3. Dining room by Kay Douglas via Veranda. Photo by Mali Azima
4. Dining room by Christina Murphy Interiors via TRADHome. Photo by John Bessler

This is my inspiration board for the color scheme. Also, I love the wallpaper. It's very Great Gatsby.

1. Superfresco Easy Cinema Wallpaper, Graham and Brown
2. Emerald Table Lamp, Lowes
3. Credenza, Fabulous Mess
4. Parsons Side Table, Bungalow 5
5. Arbor Trellis Linen Print Pillow, Shades of Light
6. Quincy Pillow in Green, Joss & Main
7. Stockholm Three Seat Sofa, Ikea



Wednesday, July 24, 2013

Spray Painted Ombre Glass Bottles

Last weekend I did an upcycle project on glass bottles. I turned them into flower vases and spray painted them ombre-style. (Those are fake flowers by the way, haha)


My sister, who is a graduate of industrial design, has a collection of bottles that she used for her packaging class. She doesn't need them anymore so I asked her if I can have them. 


I removed the labels, washed the bottles, and wiped them dry. Make sure you cover the floor with newspaper so that the spray paint won't mess up your flooring. And then place the bottles upside down. I sprayed about 2 coats of white paint with flat finish.


While the white paint was drying, I took a photo of the spray paint that I was going to use as accent colors for my bottles. The colors are (not so) baby pink, cool green, and lilac. I bought these at the hardware store.


Your bottles should still be upside down. When using your accent spray paint, aim your nozzle at the bottle's bottom about 10 inches away and at an angle. You should be able to cover half of the bottle. Sorry I don't have a photo of me doing it, I couldn't take a photo and spray at the same time. But I made this so others can visualize what I did:


The effect should look like this: Saturated at the bottom, and it gets lighter and lighter to the top.


Wait for it to completely dry before you can use them. I bought these fake flowers at the department store and placed these vases in my bedroom. If you're into fresh flowers, then I guess that's better :)


And you're done!




Monday, July 22, 2013

My Experiment on Mac and Cheese with Broccoli

When I was younger, we didn't really have mac and cheese for snack time. Because we usually had pancit canton. I know mac and cheese is a popular snack for kids. My niece loves this but I think it's better if you cook it home made than eat the boxed kind. So I had to experiment and make my own version of mac and cheese - with broccoli too.


Ingredients:
- 2 cups elbow macaroni
- 2 cups milk
- 2 cups grated cheddar cheese
- 1 cup parmesan cheese spread
- 1 head of broccoli, chopped (maybe around 2 cups too?)
- pinch of salt and pepper

1. Chop the broccoli and boil until cooked. Drain with a strainer and set this aside.
2. Pour 2 cups of milk in a pot, and 2 cups of macaroni. Let it cook for around 5 minutes.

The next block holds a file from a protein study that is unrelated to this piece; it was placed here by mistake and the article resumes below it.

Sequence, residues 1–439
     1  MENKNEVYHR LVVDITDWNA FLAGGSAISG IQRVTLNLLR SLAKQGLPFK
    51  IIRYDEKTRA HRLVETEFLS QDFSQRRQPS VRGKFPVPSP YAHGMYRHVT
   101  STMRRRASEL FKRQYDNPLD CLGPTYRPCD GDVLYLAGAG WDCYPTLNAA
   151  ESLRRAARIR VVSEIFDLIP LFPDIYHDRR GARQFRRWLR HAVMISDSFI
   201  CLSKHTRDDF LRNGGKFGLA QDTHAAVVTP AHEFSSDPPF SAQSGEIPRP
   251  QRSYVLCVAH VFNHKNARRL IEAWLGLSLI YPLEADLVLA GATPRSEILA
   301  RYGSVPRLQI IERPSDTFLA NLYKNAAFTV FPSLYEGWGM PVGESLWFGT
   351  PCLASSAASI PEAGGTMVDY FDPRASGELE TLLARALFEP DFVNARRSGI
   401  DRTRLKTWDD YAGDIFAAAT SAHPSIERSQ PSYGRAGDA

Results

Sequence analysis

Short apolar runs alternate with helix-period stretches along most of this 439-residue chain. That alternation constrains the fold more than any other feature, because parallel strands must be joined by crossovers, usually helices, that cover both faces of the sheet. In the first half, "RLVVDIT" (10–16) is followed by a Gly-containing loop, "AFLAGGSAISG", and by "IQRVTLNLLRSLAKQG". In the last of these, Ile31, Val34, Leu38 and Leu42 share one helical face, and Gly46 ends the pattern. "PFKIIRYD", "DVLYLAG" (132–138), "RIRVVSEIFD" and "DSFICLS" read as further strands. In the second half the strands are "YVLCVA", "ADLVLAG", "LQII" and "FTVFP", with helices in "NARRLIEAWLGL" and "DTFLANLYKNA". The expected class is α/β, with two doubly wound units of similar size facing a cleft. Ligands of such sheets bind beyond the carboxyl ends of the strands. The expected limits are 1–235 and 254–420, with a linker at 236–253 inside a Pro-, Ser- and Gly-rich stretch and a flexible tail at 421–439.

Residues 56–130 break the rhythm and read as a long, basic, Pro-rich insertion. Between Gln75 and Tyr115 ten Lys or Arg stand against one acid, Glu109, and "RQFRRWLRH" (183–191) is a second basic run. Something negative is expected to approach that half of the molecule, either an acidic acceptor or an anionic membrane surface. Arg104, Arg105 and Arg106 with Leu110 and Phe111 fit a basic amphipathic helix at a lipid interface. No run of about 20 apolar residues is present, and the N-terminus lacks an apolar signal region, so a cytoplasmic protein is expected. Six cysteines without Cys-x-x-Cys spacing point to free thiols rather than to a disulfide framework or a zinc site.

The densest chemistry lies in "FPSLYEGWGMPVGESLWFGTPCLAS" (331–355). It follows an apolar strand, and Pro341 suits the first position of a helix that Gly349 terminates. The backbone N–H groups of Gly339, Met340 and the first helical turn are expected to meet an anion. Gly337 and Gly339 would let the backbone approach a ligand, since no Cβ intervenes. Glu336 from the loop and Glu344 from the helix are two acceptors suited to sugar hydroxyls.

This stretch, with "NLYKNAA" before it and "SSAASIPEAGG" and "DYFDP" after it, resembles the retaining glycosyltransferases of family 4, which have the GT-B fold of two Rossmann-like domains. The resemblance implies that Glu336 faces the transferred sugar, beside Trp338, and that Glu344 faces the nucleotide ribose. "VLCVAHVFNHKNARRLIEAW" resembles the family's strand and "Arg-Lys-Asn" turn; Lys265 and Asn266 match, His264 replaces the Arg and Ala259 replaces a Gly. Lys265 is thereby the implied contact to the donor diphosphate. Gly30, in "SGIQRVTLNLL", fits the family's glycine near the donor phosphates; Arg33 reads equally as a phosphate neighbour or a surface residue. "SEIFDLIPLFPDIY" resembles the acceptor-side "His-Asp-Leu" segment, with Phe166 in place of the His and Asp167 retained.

3. When it's starting to get thick and bubbly, add the cheddar cheese. I had a bottle of McCormick Parmesan Bread Spread that I don't really use, so I added this on my mac and cheese.
4. Mix mix mix. Turn off the heat and add the broccoli.


The result is an ooey gooey cheesy mac and cheese. I like it. Not bad for my first attempt. But I do recommend adding different kinds of cheese, not just the cheddar type, for more flavor.

How do you want your mac and cheese? Should it be creamy? Should it be milky? Or do you overload it with cheese?

Sunday, July 21, 2013

Good Finds at 10a Alabama Arts and Crafts Fair

Yesterday I went to the 10a Alabama Arts and Crafts Fair, where you can find handmade goodies. There were so many pretty items! The sellers were very friendly and they did not hesitate to answer my questions about their products.

I bought this kitty felt pin from Gawani Femi and a cute ice cream ring from Pop Junk Love  Both of these are for my little nieces. I also bought a chevron printed notebook from Spellbound, and I got a free back issue of Real Living Magazine! 


I wanted to buy a lot of things, but I didn't have enough money :P But here are other good finds at the fair:

Sleeping eye patches by Monsterella



Dreamcatcher necklaces and bracelets by Eureka Design Co.



Origami earrings by Orig.Kami



Adventure Time stuffed felt dolls by Pop Junk Love



Tansan (bottle cap) pins by Pop! Pins



Hand painted resin pendants by Thingamabobs



These cute hand painted bottle cap clips. I can't remember the name of the seller :(



Felt speech bubbles by Gawani Femi


Friday, July 19, 2013

Coral and Navy

Here's another awesome color combination: coral and navy.

Navy and coral make a pair of complimentary colors. This means the colors are opposite each other on the color wheel. Navy blue is such a rich and classic color, while coral is bright and energizing. Navy is somewhat masculine, and coral is more feminine. 

Both are bold colors and strongly contrast each other. You can partner them with neutral colored items, and gold and white accessories. Your room (or your outfit?) will look amazing.


1. Living Room via Style At Home. Photo by Stacey Van Berkel-Haines
2. Bedroom via Decorchick
3. Dining display via Design Sponge. Design by M Design Interiors. Photo by Justin Officer
4. Nursery via Cococozy Photo by Pam Cooley

Here are some items for the home that would fit the color scheme.

1. Love Knots Guest Towel Tray, One Kings Lane
2. Peach and Gold Pot, upintheairsomewhere
3. Coral Reef Ovo Table Lamp, Lamps Plus
4. Trellis Coral Pillow Cover, Oh My Pillow
5. Baris Decorative Pillow, Furbish Studio
6. Lampert Sofa in Venice Navy, Jonathan Adler
7. Homespun Trellis Navy Rug, Rugs USA
8. Red Coral Study, Williams-Sonoma


Wednesday, July 17, 2013

Handmade Dolls by Simpli Jessi

Jessi Halliday Mesalic is an architectural designer, whose hobby for making dolls has turned into a crafty business. She owns Simpli Jessi, which is a store that sells handmade dolls created by Jessi herself.




These dolls are made from recycled and organic materials such as natural linens, organic cotton stuffing, felt, yarn and recycled fibers. Each doll is unique and has his/her own special character. Every doll has a different hairdo, different facial feature, and different clothing style.


She also makes customized dolls specially made to look like her clients, their kids and even their pets. And it's so cute that she makes the dolls wear mini versions of her clients' clothes.



If I were a child again, I would probably enjoy having these handmade dolls as a toy. 



This doll even has her own superhero costume :)



Jessi sells these dolls at craft fairs and she will be at the Ann Arbor Art Fair from July 16-20. You can visit Jessi's website here and read her blog here.


Photos by Jessi Halliday Mesalic